Today Colombia, Brazil, and Zambia mine most commercial emeralds. Several other countries, such as Pakistan and Zimbabwe, mine smaller amounts. Although Brazil produces more emeralds annually than any other country, Colombia dominates the trade by setting the standards for size and color. It is Colombian emeralds against which all others are judged. Rarer and sometimes more expensive than a similar-sized diamond, Colombian emeralds have a unique look, a green lightly touched with blue. Muzo, the original mine, remains the most important emerald mine in the world.

Emeralds are rated as 7 or 7.5 on the Moh's hardness scale which ranges from 1 to 10 (diamonds being a 10 on the scale). While certainly a very wearable gemstone, they are not quite as durable as some harder stones and should be treated with care and respect.

The Art of Kundan...

Step into the land of pageantry and simplicity, fiery sunsets, infinite stretches of sand dunes, indefinable splashes of color,  mud huts and royal palaces.  Ceremonial turbans, shy smiles, exquisite courtesy  and fierce pride...Rajasthan.

From here, begins  the journey of Kundan jewelry.  The technique arose from a necessity to preserve, protect and encase a gem in its pure form and set it in a piece of jewelry.

Kundan could not remain within the confines of the palaces of India. Renowned European jewelers  were also inspired by this art form. Today, the world acknowledges the legacy and beauty of this style. The detailed craftsmanship and burnished beauty of true Kundan jewelry is neither time bound nor is it slave to fashion.

Besides its classic appeal, the fact that this skill is jealously guarded and perfected by a chosen few, makes it worth possessing. There is wonderment in knowing the number of hands that a piece of Kundan jewelry passes through before it comes into yours …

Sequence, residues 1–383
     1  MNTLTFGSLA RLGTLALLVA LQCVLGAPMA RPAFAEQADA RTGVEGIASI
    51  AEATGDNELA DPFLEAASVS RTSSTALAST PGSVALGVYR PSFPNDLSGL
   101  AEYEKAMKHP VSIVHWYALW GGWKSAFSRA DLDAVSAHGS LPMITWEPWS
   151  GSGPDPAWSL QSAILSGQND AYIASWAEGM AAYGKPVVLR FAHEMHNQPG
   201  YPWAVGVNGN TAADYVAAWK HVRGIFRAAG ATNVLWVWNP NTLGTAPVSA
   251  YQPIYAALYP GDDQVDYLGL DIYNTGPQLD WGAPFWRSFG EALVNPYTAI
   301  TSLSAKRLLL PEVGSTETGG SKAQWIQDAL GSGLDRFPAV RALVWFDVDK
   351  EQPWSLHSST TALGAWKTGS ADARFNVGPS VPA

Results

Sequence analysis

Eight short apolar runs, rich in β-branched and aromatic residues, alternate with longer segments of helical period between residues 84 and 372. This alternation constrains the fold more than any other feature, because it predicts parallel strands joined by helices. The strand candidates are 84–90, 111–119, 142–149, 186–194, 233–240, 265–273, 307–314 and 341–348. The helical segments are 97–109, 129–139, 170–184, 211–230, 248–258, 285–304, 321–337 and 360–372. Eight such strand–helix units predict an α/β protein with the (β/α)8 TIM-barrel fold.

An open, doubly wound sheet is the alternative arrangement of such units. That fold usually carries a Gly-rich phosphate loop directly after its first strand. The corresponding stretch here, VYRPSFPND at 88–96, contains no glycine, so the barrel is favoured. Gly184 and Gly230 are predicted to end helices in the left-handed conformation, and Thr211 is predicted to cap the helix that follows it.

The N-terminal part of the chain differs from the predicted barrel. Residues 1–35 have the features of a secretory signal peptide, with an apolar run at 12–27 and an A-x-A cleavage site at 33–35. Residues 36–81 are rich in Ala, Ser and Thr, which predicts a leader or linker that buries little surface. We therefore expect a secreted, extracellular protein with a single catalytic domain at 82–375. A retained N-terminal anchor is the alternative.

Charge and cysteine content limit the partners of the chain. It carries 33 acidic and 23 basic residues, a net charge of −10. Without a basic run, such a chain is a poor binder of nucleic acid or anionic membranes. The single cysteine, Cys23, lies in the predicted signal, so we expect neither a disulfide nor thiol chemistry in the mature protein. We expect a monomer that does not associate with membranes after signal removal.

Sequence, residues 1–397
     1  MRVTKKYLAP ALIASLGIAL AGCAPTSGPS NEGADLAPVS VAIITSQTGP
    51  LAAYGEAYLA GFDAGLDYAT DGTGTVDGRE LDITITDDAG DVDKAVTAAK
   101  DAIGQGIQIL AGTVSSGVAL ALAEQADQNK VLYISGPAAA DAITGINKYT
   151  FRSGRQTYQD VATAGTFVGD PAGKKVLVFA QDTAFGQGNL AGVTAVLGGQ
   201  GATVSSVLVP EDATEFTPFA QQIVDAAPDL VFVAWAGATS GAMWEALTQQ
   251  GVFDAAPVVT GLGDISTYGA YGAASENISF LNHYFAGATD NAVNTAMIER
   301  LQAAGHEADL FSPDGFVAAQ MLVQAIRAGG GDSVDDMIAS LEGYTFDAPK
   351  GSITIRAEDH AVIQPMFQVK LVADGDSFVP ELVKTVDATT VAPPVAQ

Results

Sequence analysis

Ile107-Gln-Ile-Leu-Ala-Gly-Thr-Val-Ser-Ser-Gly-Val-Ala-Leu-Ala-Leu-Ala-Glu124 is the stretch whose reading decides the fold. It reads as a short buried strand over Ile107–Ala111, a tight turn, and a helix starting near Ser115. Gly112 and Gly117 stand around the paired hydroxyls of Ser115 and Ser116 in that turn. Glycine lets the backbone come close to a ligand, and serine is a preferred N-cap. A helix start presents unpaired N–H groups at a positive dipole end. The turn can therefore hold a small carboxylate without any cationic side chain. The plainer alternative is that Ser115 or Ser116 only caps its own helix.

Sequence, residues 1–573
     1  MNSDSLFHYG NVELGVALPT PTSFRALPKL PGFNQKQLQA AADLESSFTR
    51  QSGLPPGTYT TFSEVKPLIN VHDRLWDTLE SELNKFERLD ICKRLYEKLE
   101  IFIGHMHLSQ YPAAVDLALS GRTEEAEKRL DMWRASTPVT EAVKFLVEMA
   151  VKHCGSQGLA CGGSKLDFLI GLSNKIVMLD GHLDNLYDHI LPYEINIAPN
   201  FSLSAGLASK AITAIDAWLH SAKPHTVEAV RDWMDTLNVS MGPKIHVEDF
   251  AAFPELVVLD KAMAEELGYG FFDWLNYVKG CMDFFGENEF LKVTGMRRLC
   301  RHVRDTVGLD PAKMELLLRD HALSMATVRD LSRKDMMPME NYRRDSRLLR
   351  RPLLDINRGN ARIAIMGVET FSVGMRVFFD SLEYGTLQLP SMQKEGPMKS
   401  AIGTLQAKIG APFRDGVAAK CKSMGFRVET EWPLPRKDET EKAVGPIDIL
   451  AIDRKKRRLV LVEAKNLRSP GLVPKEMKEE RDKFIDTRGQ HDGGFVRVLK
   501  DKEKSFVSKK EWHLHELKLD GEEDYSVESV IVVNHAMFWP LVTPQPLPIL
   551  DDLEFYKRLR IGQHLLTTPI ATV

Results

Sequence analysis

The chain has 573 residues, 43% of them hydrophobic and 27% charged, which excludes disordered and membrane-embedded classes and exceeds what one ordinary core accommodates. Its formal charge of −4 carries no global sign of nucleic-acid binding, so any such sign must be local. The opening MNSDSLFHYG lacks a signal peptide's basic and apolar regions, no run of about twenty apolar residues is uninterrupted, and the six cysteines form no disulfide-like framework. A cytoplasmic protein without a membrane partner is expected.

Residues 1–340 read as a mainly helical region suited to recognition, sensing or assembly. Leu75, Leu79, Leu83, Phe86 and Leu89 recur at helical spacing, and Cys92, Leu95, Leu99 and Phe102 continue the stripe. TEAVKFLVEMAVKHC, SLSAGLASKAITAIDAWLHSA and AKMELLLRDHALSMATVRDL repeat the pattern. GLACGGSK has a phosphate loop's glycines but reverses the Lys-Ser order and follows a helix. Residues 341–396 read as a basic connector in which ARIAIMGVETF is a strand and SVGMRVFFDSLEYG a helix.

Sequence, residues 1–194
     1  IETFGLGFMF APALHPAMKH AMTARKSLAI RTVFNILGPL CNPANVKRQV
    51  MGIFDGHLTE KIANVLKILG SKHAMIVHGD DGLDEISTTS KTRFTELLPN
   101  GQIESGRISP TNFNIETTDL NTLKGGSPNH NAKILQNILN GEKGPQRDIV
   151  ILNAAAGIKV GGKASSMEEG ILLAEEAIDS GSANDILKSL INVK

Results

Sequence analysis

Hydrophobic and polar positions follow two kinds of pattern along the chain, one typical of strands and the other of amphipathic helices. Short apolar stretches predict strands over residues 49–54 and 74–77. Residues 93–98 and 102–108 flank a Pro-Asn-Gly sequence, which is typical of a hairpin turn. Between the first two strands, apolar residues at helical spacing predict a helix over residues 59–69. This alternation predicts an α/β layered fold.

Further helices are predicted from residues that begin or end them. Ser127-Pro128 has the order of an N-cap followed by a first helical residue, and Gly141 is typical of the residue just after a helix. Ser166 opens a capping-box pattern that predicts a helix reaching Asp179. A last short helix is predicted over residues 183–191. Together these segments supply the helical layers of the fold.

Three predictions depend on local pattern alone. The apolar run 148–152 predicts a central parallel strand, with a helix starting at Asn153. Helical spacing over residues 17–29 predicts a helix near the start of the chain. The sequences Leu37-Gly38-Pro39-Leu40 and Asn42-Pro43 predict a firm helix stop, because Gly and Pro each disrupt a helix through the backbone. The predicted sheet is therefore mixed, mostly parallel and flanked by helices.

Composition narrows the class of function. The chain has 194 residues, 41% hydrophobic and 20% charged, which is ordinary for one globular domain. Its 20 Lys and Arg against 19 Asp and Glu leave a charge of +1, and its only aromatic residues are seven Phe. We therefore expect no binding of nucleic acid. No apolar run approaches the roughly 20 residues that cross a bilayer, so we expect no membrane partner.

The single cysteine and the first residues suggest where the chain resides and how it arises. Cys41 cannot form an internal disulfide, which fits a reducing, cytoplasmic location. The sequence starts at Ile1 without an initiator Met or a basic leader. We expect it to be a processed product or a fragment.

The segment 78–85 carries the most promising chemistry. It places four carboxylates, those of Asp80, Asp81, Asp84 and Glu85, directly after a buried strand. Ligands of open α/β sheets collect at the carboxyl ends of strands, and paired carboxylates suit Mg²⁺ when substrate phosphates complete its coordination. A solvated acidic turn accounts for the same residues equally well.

‘Naqaash’ – the designer, ‘Sonar’ – the goldsmith, ‘Qualam kaar’ – the engraver, ‘Meena kaar’ – the enamellist, ‘Gholne wala’ – the polisher, ‘Kundan saaz’ – the stone setter, and finally ‘Patua’ – the stringer.
Kundan jewelry received great patronage during the Mughal era and the most beautiful pieces were created in those times. “In the migratory movement of craftsmen after the demise of the Mughal empire, in the early 18th century, artists carried their technology and skills across geographical boundaries. In this flux, designs and forms of Mughal origin find an echo across the length and breadth of India. “

The process...

The purest, softest gold is hammered into very fine sheets and a “khol”, or mold is made in 22 karat gold. The mold looks like a thin box. Once the metal is shaped by the goldsmith, the piece is inset with gemstones such as diamonds, rubies, emeralds, as well as semi precious stones. Natural lac is used to hold the gemstones in place. The edges of the mold are gently pressed onto the boundaries of the diamond or gem. Ribbons of kundan in 23 karat gold then encase the gemstones. Designs are etched into this border of gold.

In Kundan , light strikes the precious stones only from above, dulling their shine. To provide depth and refraction a piece of silver or gold foil is placed under the stone making it glow. Foil is also used to enhance the natural color of the stone.

The façade of the piece is undoubtedly beautiful but the reverse is equally stunning… “It seems as if the garden of paradise has been captured into all the leaves and flowers to form a design, covering the entire back with enamel.”

This is called Meenakari. Finally, after the work of the goldsmith, an engraver goes to work. The jewel is then enameled on the reverse in the Champleve technique used by the engraver to create grooves that will take the enamel. A steady and precise hand is required, for the engraving stage is both practical and aesthetic. After engraving, the Meenakar or enameler fills and paints the vitreous paste, mixed with a mineral oxide for color, on the lowered metal surfaces, thereby evening the surface and fusing it to the gold with repeated firings.. Colors have different melting points and so are usually fired separately; the more colors, the more firings. The hardest enamel, white, requires a high firing temperature and so is fired first. Red, which has the lowest firing temperature , is last. The sequence is carefully planned to ensure that colors already successfully fused do not melt in subsequent firings. Cooling is as important as heating. The red Meena of Jaipur is applied only to a high karat gold.

Lastly, the individual pieces of finished jewelry are strung together using pearls, rubies, emeralds and yards of gold wire. The skill and ingenuity of the "patua" is  remarkable. He twists and turns and knots the gold wire with painstaking precision. Sitting upright on a floor cushion – his hours upon hours of back bending work are measured one bead at a time.

One who owns a piece of Kundan jewelry invests in a true labor of love and in a moment of history.